My partner Tim Furin and I attended the FY2020 DOD & Federal Agency Program Briefings this week on March 12 in Herndon, Virginia. The Briefings are part of the Society of American Military Engineers (SAME) Capital Week. The program provides SAME members a chance to hear about the projected upcoming fiscal year’s engineering, construction, and environmental programs from contracting representatives, and Senior Executive Service leaders from the engineering components of the military services and select federal agencies. Representatives from the United States Army Corps of Engineers (USACE), Army, Navy, Air Force, General Services Administration (GSA), Departments of State and Energy, as well as the U.S. Customs and Border Protection and U.S. Forest Service all made presentations. The presentations are available on SAME’s Capital Week website.

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On December 3, 2018, the Department of Defense (DoD) issued a deviation from the FAR’s self-performance requirements, which applies to subcontracting limitations on contracts set aside for small businesses. Although the changes to subcontracting limitations were mandated by the 2013 National Defense Authorization Act (yes, 2013), implementation has been slow and piecemeal. The Small Business Administration (SBA) did not implement the changes until June 2016, and although the FAR Council recently issued a proposed rule that would bring the FAR into compliance, the FAR has not officially caught up. In the meantime, the discrepancy between the FAR and the SBA regulations has caused headaches for contractors who must decide whether to comply with the FAR, the SBA regulations, or both. The DoD’s deviation will bridge the gap for all DoD contracts until the FAR catches up.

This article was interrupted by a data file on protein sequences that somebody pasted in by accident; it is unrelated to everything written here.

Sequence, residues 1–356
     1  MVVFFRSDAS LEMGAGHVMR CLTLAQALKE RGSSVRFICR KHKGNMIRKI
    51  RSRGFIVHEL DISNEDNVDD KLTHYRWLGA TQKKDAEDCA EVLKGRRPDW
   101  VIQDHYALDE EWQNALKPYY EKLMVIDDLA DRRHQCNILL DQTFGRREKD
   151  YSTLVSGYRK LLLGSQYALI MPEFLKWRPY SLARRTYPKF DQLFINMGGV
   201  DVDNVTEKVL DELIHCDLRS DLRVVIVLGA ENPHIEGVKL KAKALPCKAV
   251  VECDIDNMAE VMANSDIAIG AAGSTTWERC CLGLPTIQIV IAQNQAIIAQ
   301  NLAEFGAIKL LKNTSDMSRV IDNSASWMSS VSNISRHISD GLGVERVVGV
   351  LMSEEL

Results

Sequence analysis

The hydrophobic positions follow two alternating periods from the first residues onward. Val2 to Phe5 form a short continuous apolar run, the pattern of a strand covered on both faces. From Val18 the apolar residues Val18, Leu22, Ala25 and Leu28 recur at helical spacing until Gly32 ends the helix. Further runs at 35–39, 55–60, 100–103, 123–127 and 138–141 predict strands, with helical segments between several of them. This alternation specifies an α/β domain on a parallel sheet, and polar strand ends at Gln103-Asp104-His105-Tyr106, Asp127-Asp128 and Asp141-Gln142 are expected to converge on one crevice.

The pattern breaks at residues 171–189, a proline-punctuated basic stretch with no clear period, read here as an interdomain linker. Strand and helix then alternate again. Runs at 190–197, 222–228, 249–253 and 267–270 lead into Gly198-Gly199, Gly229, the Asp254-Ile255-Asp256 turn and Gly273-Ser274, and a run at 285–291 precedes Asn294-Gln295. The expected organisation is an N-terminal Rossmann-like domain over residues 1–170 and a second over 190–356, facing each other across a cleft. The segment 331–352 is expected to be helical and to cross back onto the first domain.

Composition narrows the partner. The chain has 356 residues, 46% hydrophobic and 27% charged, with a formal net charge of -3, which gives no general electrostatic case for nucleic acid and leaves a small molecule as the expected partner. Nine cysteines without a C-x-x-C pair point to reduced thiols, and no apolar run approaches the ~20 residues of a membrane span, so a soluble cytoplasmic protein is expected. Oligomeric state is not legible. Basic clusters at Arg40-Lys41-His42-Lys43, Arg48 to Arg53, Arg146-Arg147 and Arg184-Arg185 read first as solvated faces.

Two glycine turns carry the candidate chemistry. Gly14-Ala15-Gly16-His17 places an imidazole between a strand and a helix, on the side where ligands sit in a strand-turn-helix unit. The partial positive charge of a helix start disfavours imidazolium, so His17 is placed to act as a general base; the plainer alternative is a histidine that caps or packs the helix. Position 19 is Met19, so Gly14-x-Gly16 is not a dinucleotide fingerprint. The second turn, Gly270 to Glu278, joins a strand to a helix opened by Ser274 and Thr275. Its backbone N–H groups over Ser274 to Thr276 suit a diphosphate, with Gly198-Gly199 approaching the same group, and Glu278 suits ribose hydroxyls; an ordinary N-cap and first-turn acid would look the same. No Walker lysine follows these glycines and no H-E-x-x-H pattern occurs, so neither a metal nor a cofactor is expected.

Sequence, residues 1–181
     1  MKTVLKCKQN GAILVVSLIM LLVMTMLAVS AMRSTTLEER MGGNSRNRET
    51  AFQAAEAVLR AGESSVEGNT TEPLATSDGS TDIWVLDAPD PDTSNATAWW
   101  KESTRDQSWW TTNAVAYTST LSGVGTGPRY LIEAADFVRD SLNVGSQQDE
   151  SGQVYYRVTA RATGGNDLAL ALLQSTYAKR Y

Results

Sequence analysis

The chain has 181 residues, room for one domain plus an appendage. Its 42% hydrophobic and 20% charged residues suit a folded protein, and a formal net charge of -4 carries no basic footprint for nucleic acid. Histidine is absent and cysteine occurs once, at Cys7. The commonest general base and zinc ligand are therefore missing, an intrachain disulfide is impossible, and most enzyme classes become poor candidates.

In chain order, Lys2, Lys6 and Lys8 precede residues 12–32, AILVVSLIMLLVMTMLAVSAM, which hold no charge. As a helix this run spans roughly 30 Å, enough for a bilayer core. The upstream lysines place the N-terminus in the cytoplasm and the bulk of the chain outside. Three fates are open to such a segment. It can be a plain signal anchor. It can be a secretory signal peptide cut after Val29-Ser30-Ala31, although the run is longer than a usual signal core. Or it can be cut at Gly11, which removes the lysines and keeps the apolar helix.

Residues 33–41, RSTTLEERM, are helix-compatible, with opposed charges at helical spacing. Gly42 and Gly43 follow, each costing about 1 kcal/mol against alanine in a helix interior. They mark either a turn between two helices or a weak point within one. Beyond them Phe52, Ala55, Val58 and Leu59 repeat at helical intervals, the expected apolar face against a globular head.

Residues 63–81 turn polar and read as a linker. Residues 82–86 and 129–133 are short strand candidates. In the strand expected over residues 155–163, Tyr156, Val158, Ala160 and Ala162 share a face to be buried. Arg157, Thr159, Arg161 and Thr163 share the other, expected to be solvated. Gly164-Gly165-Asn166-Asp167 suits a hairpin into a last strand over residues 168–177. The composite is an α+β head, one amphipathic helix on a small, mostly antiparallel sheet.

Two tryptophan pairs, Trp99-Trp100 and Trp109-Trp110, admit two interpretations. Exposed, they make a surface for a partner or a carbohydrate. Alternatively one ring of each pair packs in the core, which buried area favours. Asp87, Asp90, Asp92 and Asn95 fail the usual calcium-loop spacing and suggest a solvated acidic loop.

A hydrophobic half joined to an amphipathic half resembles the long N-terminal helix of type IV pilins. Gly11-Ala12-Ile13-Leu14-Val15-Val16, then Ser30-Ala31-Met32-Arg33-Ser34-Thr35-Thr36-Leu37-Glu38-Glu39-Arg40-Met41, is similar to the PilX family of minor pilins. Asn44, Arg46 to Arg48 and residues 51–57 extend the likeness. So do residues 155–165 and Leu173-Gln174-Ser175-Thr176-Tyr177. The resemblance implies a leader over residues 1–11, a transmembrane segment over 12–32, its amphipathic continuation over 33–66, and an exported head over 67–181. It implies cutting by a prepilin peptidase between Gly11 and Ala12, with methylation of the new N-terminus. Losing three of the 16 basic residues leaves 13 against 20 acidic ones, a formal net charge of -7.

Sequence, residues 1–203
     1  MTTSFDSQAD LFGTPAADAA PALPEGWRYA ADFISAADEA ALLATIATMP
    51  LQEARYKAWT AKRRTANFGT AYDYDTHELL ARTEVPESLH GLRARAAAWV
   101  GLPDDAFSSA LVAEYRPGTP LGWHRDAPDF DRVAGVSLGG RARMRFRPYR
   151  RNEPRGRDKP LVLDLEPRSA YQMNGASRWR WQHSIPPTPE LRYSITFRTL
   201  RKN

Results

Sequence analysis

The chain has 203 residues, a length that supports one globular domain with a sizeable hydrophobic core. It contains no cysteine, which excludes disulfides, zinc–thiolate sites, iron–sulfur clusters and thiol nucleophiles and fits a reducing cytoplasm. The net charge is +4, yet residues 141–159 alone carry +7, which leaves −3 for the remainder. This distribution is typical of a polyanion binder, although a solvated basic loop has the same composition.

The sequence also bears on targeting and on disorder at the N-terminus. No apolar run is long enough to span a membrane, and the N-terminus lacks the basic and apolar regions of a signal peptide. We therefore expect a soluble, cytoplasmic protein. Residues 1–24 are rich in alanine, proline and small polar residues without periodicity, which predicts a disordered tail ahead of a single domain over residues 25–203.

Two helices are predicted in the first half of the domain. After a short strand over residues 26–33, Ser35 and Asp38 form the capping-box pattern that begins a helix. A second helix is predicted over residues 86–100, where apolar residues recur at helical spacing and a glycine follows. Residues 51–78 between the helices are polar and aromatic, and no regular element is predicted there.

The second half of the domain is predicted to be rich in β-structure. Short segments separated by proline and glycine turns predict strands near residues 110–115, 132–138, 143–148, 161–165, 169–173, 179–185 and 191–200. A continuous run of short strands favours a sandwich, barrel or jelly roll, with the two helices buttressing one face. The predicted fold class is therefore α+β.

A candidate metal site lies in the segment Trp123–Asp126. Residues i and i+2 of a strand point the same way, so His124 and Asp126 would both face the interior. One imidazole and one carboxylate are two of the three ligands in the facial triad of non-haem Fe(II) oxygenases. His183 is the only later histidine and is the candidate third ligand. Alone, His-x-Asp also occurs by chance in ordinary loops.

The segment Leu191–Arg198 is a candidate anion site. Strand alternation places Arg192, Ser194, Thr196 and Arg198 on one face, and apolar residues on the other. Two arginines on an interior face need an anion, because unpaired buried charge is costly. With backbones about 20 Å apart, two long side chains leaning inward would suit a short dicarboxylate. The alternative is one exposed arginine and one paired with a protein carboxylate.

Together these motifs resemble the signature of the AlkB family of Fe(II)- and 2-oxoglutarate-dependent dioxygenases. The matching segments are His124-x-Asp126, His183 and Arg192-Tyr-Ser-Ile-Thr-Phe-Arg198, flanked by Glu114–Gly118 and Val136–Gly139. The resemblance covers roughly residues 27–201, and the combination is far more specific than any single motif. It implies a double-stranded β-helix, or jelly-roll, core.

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As I mentioned in a recent post, the Department of Defense (DoD) is using its “other transaction” authority with increased frequency to attract non-traditional defense contractors and to capitalize on the cutting-edge technological advancements found in the commercial marketplace. Other Transaction Agreements (OTAs) are not procurement contracts, grants, or cooperative agreements and, as such, many procurement laws and regulations do not apply, including the Competition in Contracting Act (CICA) and the Federal Acquisition Regulation (FAR). 
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By: Edward T. DeLisle, Kayleen Egan & Maria L. Panichelli

Is the Small Business Administration’s (“SBA”) minority business development program, also known as the “8(a) Program”  unconstitutional?   The legality of the program has been a hot topic of debate over the year, most recently due to a significant DC District Court case.  That case,